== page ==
I didn’t always think of myself as a writer.
In fact, for a long time, it didn’t even occur to me that it might be a path I’d walk. Which in hindsight is ridiculous because I’ve been writing my whole life.
Once upon a time, I didn’t closet myself in my pleasantly darkened living room with inspirational music and scented wax to set the scene. (Seriously, try writing a forest setting with a pine scented wax melt beside you. You’ll wonder where your burner has been your whole life.)
Instead, I closeted myself in my basement with four of my closest friends, surrounded by stacks of our well-loved books and painstakingly hand-painted miniature versions of ourselves. Our swords and shields were a sharp pencil and a set of dice. Roleplaying was our passion and the outlet for our creativity.
We played everything, from Dungeons and Dragons (3.5 forever) to vampire: the masquerade, to L5R. My group was a little more intense than most, as I have come to learn. We threw ourselves into our characters, embarking on our personal dramas to the sound of rolling dice. Really though, there were multiple times I can remember being moved to tears by a scene I took part in, or watching someone else’s eyes get wibbly. Our characters became extensions of ourselves, and we lived and breathed their lives.
There was one famous scene I remember where myself and another player were on our feet yelling at each other across the table, equally impassioned and certain we were correct. After a few minutes we noticed the room was silent. The storyteller looked at us and asked in a cautious voice, “Er, you guys alright?” We just looked at him like he was crazy. “Of course. Why wouldn’t we be?”
Role-playing was the greatest inspiration of my middling years. But what does this have to do with writing, you might ask.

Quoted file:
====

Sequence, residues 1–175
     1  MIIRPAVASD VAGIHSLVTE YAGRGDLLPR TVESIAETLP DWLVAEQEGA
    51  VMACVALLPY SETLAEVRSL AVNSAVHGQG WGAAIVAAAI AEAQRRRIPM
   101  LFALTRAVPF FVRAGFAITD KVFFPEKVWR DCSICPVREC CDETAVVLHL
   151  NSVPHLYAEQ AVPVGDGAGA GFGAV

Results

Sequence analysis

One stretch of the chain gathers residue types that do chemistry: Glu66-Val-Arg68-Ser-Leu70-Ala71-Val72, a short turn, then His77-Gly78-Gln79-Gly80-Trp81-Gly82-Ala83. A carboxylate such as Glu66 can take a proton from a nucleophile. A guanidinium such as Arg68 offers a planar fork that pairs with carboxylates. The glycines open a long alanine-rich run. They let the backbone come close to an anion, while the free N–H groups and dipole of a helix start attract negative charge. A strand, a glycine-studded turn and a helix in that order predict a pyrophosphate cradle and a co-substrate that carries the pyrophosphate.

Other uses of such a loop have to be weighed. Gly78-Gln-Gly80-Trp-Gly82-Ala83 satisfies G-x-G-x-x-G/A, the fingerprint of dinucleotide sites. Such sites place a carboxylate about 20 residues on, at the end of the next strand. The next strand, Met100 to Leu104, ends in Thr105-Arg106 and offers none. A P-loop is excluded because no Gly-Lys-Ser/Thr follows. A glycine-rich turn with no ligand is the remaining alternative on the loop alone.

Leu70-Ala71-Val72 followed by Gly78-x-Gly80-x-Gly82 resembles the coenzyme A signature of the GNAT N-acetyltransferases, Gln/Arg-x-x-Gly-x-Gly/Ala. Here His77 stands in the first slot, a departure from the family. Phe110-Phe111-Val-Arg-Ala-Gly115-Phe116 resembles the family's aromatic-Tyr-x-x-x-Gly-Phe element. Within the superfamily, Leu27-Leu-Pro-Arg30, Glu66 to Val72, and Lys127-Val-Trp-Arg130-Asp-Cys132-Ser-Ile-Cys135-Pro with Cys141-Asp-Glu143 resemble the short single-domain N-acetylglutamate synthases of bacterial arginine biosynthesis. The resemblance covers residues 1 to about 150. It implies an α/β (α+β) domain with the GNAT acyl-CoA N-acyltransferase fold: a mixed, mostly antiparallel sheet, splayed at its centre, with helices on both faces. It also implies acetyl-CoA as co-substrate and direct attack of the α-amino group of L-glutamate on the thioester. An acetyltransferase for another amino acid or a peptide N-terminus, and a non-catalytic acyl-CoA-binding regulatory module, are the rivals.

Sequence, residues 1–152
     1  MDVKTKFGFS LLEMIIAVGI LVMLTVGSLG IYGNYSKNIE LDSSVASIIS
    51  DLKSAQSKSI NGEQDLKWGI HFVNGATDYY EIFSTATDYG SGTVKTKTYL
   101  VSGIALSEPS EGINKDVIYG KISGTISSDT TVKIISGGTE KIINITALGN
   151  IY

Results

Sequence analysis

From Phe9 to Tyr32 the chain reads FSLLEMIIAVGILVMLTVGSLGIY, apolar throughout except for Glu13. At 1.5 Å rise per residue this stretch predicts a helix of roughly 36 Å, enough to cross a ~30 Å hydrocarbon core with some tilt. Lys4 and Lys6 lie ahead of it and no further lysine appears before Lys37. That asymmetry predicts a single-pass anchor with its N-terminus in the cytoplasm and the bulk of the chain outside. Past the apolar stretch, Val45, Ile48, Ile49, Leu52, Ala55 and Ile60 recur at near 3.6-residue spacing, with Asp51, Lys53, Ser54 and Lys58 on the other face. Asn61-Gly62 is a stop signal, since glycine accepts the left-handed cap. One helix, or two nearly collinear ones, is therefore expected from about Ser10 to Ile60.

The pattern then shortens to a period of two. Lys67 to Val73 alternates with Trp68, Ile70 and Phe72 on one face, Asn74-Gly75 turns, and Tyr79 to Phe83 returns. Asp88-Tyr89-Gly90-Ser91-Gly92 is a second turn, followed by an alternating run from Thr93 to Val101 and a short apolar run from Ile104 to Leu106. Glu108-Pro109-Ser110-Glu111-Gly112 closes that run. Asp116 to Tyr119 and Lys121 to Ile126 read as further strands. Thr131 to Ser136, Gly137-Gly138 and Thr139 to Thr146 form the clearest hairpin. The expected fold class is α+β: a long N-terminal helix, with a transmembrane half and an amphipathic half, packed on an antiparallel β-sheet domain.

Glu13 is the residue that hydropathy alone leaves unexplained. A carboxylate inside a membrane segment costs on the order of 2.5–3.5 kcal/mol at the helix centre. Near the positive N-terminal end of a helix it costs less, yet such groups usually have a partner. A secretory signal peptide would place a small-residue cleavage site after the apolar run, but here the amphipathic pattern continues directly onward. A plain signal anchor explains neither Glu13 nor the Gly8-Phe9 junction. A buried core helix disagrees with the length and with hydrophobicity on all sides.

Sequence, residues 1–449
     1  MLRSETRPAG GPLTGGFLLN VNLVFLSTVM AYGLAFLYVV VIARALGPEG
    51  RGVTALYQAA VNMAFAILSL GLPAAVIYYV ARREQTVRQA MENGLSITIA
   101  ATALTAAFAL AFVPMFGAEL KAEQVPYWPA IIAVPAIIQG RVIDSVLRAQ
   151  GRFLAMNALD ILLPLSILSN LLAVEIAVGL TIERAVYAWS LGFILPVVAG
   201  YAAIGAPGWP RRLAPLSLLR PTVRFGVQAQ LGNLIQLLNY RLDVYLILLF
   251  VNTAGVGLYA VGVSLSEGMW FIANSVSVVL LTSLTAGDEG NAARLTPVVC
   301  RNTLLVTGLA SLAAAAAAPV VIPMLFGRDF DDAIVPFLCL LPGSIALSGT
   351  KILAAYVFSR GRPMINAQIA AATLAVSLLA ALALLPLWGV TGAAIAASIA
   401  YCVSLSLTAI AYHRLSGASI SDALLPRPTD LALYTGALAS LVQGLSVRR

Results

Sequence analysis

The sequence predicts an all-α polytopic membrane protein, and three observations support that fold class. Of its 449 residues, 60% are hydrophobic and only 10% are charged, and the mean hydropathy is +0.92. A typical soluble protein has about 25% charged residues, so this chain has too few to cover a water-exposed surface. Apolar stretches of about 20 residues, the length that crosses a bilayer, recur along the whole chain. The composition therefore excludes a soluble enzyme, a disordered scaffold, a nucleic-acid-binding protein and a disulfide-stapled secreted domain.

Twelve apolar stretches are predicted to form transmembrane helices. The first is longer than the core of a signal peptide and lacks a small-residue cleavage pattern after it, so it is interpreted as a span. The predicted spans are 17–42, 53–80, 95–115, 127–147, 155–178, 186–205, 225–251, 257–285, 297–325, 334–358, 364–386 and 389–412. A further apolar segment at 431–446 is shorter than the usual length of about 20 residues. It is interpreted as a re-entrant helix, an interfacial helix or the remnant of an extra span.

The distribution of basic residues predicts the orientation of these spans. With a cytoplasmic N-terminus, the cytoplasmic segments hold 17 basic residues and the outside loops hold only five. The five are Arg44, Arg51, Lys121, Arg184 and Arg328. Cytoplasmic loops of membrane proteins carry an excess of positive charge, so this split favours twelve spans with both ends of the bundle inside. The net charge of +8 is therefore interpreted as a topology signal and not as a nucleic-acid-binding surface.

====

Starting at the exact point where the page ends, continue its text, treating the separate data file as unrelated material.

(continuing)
With each character I played, I wrote my background, the little blurb about who I was and why I acted as I did. Somehow, every background I wrote ended up longer and more thought out than the last. I still remember my storyteller’s face when I handed him a hundred pages of print.
Backgrounds aside, we started writing short stories about our characters, because they had complexities and thoughts that the game’s events didn’t bring to the surface. We called them drabbles.
Then I tried live action roleplaying. That was a different level of inspiration. Crouching in the trees, the scent of pine sap surrounding us while it poured (literally like the sky opened up. Later, we called it ‘rain mod’), waiting for the signal from the main force to join the attack. We found out later they’d been shouting for us for ten minutes, but we couldn’t hear because of the rain. Oops.
Experiences like that bring life to your words like nothing else. Now, when I write about running through a dark forest in a moonless night, I know what it feels like when you’re desperately on the run, enemies howling at your back. I know what a moonless forest actually looks like, which, for the record, is nothing, because it really is pitch black. I know the disorientation of pulling yourself from the treeline after accidentally running into the foliage, branches catching your clothing and holding you back as you’re trying to run.
I know the surge of excitement when you defeat the villain with your brothers and sisters in arms, realizing you’ve won, despite all odds.
Our weapons might have been foam rather than steel, but after three days in the woods it somehow makes less difference.
Finding vicarious inspiration can lead to the most powerful kind of connection to a character. Not only are you giving them life, but you’ve literally walked a day in their footsteps.
In fact, the protagonist of the first book I wrote was a character I played and threw myself into. When the game was done, I wasn’t. So, I gave him a new home and a new life, and I wrote my first novel. (160,000 words of it. *facepalm*)
I think where I’m going with this is that true inspiration comes from experience. How much more meaningful is the dark forest once you’ve stumbled into a couple trees?
So go out, live, play, do things you wouldn’t do. See things (or don’t, in said pitch black woods), and smell things and feel things. Shout with your friends as you charge the enemy forces, then bring that thrill to your pages. If your heart isn’t pounding as you write, you’re doing something wrong.
The words flow easier. The story becomes richer. The characters become real.
Always seek experiential inspiration. If that comes through living vicariously through your character’s steps, so be it. Don’t turn away and call it childish. Embrace it as the source of wisdom it is.
Let the words flow, and storm a couple bases in the process. You won’t regret it, and neither will your readers.